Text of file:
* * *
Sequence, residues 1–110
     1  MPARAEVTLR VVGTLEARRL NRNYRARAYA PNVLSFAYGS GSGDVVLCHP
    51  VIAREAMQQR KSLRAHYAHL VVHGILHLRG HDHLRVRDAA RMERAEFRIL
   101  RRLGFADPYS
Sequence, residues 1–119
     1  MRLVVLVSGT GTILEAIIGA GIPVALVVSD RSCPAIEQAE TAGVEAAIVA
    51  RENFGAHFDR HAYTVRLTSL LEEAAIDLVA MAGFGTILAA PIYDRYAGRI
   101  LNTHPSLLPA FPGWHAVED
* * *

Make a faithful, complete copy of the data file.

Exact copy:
Sequence, residues 1–110
     1  MPARAEVTLR VVGTLEARRL NRNYRARAYA PNVLSFAYGS GSGDVVLCHP
    51  VIAREAMQQR KSLRAHYAHL VVHGILHLRG HDHLRVRDAA RMERAEFRIL
   101  RRLGFADPYS
Sequence, residues 1–119
     1  MRLVVLVSGT GTILEAIIGA GIPVALVVSD RSCPAIEQAE TAGVEAAIVA
    51  RENFGAHFDR HAYTVRLTSL LEEAAIDLVA MAGFGTILAA PIYDRYAGRI
   101  LNTHPSLLPA FPGWHAVED